Christie said...

I know what you mean. But you know, I felt like a kid again when I read the Harry Potter series. I was excited to read them, and could envision the scenes in my head like I did when I was younger.

Angela said...

I have to agree that Harry Potter has captured my imagination more than any other book in the past few years. I mocked it mercilessly until the first movie came out and my sister dragged me to see it. From there I started reading the books and I was instantly hooked!

Also, I just started reading Vanity Fair, and I LOVE it. I find myself thinking about it even when I'm not reading it, and I go to bed early just so I can get a couple chapters in before I fall asleep.

Princess of the Universe said...

I do get immersed in my Jane Austen Books - but on the whole I think it mostly happens when I re-read my children's stories...
A Little Princess, Heidi, A Wrinkle in Time (That one still haunts me) The Watcher in the Woods...

Princess in Galoshes said...

Red- I've never read Outlander, I may have to pick that one up!

Pauline- I'm suddenly o.k. with getting older. Thanks!

Brendan- You did. You knew me at the very beginning of it, actually. I'm really surprised you're still willing to talk to me.

Christie- Harry Potter is good. But it wasn't "magical" for me, like books used to be when I was a kid. It sure seems like it was for the next generation, though!

Angela- I've never read Vanity Fair! Perhaps I shall add that to my list, as well.

Princess- I read all of those except The Watcher in the Woods, what was that one about?

Diane said...

I agree about Harry Potter, and also have found that same feeling to some extent with some historical fiction. I just finished Ken Follett's World Without End, and also enjoyed The Innocent Traitor about Lady Jane Grey.

Lily said...

Being all dark and broody has it's charms. Alright, I never actually went trough a black turtleneck and brie phase, and I shamefully have no clue what that Porno for Pyro is...but I did spend a few months (in highschool)feeling super persecuted and moody, and attempting to write weird poetry ala Tori Amos and Alanis Morissette. I even kept them mostly to laugh at my teenage self.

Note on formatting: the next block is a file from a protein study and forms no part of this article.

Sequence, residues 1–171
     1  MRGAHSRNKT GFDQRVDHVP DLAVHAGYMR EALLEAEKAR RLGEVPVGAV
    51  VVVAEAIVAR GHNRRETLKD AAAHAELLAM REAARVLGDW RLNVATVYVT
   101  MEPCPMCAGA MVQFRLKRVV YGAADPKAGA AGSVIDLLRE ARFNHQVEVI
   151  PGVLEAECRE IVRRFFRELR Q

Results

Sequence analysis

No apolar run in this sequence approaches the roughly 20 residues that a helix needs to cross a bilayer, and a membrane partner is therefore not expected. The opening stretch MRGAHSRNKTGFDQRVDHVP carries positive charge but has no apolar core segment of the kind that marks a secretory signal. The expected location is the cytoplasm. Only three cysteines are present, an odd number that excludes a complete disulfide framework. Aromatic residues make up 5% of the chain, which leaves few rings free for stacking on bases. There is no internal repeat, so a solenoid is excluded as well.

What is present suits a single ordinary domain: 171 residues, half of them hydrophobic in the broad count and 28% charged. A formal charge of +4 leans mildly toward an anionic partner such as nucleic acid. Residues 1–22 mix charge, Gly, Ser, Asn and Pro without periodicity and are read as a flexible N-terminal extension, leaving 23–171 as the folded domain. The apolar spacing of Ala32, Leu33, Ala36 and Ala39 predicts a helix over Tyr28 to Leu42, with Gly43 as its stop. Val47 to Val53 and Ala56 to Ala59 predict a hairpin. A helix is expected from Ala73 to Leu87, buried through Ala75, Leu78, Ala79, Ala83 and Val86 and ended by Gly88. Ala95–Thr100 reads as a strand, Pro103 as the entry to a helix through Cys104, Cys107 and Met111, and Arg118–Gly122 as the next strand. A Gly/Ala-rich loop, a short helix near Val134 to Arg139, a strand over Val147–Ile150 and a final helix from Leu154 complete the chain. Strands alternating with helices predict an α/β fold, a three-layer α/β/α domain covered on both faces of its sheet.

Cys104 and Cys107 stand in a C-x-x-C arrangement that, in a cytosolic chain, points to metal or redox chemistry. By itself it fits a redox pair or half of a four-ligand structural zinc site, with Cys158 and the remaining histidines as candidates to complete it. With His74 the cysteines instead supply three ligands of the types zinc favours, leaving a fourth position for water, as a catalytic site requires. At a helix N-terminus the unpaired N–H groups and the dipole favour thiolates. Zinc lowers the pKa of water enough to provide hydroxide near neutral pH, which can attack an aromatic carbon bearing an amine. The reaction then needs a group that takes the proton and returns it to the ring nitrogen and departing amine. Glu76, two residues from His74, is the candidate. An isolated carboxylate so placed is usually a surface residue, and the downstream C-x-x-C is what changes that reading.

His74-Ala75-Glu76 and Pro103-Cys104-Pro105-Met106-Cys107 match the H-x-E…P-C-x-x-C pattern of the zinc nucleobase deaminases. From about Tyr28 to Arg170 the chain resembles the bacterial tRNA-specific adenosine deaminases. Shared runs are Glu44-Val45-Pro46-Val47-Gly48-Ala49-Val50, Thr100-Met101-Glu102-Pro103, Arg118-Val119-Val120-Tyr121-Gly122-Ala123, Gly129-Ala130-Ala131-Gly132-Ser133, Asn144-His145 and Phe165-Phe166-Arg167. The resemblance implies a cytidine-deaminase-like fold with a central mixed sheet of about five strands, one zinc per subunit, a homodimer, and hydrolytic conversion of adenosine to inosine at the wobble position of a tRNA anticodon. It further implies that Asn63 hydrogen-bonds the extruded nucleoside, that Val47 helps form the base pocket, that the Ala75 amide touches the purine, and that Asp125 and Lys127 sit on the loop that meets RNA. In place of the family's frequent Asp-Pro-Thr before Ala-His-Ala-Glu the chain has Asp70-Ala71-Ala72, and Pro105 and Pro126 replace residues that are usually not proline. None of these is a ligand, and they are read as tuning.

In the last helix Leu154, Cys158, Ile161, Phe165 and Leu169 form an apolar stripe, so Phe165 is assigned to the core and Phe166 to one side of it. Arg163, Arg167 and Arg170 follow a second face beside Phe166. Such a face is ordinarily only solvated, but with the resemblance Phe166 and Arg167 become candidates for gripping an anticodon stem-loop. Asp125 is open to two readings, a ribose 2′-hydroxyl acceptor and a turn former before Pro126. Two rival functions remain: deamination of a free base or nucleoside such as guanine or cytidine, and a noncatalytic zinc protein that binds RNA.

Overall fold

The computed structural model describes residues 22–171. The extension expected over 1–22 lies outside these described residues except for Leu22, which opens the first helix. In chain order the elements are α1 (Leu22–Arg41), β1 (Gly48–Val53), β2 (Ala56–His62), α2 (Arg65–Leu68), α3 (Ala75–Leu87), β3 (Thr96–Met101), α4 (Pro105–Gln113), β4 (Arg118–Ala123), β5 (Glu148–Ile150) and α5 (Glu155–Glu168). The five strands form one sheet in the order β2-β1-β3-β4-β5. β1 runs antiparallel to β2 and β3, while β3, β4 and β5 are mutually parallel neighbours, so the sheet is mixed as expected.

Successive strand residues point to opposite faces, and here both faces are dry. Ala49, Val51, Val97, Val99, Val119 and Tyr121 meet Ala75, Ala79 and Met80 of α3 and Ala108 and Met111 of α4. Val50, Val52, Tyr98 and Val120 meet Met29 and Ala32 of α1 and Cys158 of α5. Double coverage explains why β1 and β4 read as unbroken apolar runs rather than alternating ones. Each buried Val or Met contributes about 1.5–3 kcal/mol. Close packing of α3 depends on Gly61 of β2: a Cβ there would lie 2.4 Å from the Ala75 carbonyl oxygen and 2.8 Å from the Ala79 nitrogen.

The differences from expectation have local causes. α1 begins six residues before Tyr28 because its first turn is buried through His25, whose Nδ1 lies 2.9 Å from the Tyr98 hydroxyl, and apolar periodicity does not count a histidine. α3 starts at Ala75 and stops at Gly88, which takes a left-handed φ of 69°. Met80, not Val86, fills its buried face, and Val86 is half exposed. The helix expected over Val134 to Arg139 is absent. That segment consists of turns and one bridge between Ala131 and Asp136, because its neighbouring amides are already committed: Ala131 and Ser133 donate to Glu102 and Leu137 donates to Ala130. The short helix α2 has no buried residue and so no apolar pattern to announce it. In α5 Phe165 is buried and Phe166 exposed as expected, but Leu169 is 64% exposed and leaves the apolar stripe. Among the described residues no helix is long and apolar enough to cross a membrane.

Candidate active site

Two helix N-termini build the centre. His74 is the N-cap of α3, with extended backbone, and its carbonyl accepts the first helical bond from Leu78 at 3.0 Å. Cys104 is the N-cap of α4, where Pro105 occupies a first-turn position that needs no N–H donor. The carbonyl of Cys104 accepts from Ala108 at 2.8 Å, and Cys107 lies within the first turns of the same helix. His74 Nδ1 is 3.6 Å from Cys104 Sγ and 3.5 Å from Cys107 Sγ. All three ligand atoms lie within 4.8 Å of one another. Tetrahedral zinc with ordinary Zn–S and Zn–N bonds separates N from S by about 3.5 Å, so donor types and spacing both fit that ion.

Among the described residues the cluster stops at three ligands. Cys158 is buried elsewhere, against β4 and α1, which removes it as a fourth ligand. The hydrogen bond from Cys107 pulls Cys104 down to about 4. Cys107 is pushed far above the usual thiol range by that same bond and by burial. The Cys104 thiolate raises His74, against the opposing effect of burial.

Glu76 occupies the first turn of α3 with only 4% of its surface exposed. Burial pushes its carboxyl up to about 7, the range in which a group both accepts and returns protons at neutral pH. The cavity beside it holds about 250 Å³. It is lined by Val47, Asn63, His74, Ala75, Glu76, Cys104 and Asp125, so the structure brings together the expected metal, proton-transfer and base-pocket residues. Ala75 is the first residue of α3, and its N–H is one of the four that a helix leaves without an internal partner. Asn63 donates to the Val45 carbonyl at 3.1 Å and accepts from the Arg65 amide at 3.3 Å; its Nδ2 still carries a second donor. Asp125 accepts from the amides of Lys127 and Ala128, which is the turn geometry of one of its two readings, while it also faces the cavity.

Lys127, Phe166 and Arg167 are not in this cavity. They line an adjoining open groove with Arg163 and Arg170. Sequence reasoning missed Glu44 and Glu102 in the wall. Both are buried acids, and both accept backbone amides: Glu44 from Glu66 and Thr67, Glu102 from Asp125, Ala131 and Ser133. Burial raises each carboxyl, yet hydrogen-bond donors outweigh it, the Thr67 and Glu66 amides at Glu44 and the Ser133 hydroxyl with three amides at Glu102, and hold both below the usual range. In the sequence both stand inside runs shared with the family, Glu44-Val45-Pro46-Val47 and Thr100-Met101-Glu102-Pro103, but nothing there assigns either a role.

But being a princess is SO much fun. It's the right choice, I think. I'm slowly inching my way towards princess-hood me think. I bought more pink stuff in the last weekds then ever in my life. (I still love me some weirds singers though. A small part of me will always be a misfit loner, and that loner loves Bjork and Tori.)

Anonymous said...

Being the mother of an 11 yr old girl, I get to experience all the wonders of youthful reading again. She just finished the Secret Garden. I forgot how much I loved that book. As for me, it's the
SE Hinton novels, especially The Outsiders. I still have my ragged copy purchased 25 years ago. Everytime I re-read it, it takes me back. I really learned to appreciate my middle class upbringing after reading her books.
P.S. I'm anonymous because I don't know how to get a Google "identity"

Anonymous said...

Lois Duncan's young-adult suspense books. I just re-read one the other night, as a matter of fact. :) Thanks for writing about a feeling I have had many times myself. I second Pauline's opinion that non-fiction can have the same effect. Try The Orchid Thief by Susan Orlean, for example.

Princess in Galoshes said...

Anon- Thanks for all the tips! I will definitely look into those books, too. I think I've heard of the Orchid Theif, before, maybe now is the time to finally sit down and read it.